Anthony Frisa, the city’s new information technology manager enthusiastically moved back and forth between his desk and the nearby IT room — which seemed more like a storage closet — pointing out how the equipment displayed on his computer monitor would fit into what he hoped would become Glen Cove’s “robust high availability system.” In other words, how he wanted to take the tangle of wires and hodge-podge of hardware that currently supports all of the city’s digital infrastructure, and turn it into an organized, efficient, well oiled machine.
“What needs to be done,” he said, “is a complete revamp of the infrastructure.”
Frisa’s top priority is redundancy. It is so important to him that he un-ironically said the word five times in under a minute, explaining the different domains — servers, switches, local networks — where he wants to see it implemented.
In its common usage, being redundant is likely to mean that one is a dull conversationalist, or prone to inefficiencies. But to an information engineer like Frisa, redundancy suggests reliability; a way to spread out possible failure points to make a failure less likely; a safety net, so that if the network goes down on the second floor of City Hall, for example, it won’t take the fire department, the police department, the water department and the senior center down with it.
It’s part of a plan that Frisa calls, “disaster avoidance before disaster recovery, although on that front too, he wants to add separate storage sites to make sure that the city’s valuable information is backed up in multiple locations. “I’m not a fan of the all-the-eggs-in-one-basket type system,” he said.
Right now, Frisa’s plans are little more than a pipe dream. He knows the council will have to vote on — and pay for — each individual piece. But at this point, less than a month into his position, he said that he’s still evaluating the system he inherited.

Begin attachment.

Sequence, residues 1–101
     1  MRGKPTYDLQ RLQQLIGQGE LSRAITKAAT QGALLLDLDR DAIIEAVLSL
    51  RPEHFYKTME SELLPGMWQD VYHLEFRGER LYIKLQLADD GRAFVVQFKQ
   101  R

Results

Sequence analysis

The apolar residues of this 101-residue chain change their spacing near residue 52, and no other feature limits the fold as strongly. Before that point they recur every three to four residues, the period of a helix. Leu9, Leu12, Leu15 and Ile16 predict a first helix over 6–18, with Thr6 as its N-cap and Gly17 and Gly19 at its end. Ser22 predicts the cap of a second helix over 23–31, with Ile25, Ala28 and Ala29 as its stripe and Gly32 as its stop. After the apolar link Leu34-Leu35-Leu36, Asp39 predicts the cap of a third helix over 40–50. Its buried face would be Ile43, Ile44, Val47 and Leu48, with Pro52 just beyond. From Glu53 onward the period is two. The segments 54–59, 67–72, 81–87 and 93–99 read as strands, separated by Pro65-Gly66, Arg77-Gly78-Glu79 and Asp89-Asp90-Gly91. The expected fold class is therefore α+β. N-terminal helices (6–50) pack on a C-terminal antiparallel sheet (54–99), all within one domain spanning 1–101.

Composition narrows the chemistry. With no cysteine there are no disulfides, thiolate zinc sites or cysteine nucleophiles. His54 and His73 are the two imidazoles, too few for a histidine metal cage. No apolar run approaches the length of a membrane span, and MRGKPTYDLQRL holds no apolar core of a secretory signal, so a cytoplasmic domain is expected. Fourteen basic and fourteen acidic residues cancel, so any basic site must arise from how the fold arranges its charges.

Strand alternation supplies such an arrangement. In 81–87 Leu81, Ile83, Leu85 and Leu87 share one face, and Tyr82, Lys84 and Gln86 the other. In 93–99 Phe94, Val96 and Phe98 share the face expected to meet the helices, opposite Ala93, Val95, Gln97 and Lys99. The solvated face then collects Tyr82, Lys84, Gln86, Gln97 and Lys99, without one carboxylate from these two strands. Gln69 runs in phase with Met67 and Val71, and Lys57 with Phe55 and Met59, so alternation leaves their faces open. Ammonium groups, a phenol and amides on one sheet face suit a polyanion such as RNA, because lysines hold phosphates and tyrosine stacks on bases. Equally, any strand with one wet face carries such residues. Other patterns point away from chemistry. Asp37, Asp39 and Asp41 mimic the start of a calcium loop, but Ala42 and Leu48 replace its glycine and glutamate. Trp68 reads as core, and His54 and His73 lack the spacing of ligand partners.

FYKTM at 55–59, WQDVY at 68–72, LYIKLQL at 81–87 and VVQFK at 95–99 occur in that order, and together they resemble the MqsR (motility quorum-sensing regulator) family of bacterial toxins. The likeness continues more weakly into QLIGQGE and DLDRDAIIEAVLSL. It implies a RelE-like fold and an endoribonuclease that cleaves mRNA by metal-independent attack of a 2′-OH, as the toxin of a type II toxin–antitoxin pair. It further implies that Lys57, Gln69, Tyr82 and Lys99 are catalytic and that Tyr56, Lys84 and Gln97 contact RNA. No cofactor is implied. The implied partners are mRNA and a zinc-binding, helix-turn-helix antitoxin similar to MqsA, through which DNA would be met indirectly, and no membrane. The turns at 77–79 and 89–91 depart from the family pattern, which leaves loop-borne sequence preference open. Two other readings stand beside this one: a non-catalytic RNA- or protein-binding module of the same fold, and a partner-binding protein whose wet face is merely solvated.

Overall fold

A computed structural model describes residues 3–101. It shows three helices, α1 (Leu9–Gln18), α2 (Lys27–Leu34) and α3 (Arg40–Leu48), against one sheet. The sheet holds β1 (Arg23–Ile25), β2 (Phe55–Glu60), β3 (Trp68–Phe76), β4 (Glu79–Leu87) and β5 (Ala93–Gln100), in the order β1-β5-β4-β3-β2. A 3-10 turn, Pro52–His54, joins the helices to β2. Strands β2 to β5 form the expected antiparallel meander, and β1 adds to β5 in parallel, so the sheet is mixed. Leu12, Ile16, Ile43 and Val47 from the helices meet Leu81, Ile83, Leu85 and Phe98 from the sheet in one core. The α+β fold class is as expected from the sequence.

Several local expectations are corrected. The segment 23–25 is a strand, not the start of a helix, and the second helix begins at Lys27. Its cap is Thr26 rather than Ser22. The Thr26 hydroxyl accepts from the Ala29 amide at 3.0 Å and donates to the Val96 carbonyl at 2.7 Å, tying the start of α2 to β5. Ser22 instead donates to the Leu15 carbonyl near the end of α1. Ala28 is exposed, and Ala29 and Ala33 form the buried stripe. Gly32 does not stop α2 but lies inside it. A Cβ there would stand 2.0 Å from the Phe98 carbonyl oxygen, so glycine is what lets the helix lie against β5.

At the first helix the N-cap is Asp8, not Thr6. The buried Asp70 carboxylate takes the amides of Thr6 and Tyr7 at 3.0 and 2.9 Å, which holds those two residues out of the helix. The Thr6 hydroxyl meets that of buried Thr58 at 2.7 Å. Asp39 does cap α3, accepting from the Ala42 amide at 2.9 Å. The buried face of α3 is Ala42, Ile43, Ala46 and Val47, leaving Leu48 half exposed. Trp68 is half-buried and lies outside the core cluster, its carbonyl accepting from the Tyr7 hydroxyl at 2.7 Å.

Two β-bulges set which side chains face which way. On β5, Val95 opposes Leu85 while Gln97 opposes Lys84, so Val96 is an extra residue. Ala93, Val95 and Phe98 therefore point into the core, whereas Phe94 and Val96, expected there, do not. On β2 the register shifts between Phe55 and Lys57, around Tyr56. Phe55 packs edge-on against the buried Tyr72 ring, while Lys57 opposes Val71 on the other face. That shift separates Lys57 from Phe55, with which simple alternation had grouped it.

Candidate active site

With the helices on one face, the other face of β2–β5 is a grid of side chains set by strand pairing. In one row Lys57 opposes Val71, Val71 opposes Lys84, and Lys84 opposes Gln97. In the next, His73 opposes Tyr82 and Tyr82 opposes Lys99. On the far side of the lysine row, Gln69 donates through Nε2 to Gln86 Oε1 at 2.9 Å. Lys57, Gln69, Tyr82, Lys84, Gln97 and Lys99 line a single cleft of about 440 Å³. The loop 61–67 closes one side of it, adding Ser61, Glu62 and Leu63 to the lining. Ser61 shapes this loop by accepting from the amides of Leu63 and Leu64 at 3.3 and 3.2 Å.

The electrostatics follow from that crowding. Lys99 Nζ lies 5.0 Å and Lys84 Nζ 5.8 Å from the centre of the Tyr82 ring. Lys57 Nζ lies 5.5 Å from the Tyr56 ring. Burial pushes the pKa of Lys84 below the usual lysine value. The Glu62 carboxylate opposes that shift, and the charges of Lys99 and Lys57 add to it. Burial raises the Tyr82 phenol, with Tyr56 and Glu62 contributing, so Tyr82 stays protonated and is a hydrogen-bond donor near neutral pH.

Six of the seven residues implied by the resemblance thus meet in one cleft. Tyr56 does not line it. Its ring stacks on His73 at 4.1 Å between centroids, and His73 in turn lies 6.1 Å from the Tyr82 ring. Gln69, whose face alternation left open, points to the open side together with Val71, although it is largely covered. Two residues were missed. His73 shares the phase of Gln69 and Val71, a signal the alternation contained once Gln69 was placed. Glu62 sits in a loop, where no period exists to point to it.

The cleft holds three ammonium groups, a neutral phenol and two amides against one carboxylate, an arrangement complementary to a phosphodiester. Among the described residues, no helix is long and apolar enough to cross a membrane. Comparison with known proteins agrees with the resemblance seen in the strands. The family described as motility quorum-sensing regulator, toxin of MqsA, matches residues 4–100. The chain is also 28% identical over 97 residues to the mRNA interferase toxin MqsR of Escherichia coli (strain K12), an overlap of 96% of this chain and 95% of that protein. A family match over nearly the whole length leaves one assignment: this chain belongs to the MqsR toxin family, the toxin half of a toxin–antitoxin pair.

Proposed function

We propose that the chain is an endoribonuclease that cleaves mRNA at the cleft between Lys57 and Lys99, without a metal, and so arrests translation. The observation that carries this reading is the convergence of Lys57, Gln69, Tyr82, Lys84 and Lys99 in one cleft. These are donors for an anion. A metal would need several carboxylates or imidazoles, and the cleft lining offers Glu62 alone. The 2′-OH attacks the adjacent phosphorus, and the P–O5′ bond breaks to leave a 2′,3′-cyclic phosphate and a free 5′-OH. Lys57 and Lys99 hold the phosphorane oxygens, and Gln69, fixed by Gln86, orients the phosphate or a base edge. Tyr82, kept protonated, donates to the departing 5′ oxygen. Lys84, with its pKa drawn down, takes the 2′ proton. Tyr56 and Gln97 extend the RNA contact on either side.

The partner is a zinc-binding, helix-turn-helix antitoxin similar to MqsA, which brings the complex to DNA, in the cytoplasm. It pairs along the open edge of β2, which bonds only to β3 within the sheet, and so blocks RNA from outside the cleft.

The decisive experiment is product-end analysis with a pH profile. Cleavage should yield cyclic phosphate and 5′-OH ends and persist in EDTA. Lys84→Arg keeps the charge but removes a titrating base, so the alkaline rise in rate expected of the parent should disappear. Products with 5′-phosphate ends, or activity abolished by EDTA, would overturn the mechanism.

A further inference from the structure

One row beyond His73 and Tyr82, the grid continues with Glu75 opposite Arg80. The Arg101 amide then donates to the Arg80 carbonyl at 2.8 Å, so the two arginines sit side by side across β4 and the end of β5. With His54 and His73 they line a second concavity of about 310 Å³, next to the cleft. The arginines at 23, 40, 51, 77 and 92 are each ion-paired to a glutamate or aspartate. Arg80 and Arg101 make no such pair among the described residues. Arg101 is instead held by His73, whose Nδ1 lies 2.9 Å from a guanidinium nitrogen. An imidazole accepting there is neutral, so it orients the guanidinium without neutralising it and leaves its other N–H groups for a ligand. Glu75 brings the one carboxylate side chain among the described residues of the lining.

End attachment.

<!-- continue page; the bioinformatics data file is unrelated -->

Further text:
There has been some controversy over Frisa’s appointment. At a few recent City Council meetings, former Deputy Mayor Barbara Peebles raised concerns over the firing of the former IT manager, whom she had helped to hire. She said that Frisa had been passed over for the job during their search for candidates but declined to say why. Council members refused to speak publically about personnel matters.
Additionally, the issue was raised over a contract for Total Technology, a company that had worked with the city several years earlier, to work with Frisa for the coming months to get him acclimated to the system they’d put in place.
Total Technology had come in “to kind of make sure that the system would be more reliable,” said Deputy Mayor Maureen Basdavanos. “Things seemed to just be ‘going out,’ and I think a lot of it had to do with the hardware.”
According to her, Frisa was doing well enough without the extra help. “We realized we didn’t need that,” she said.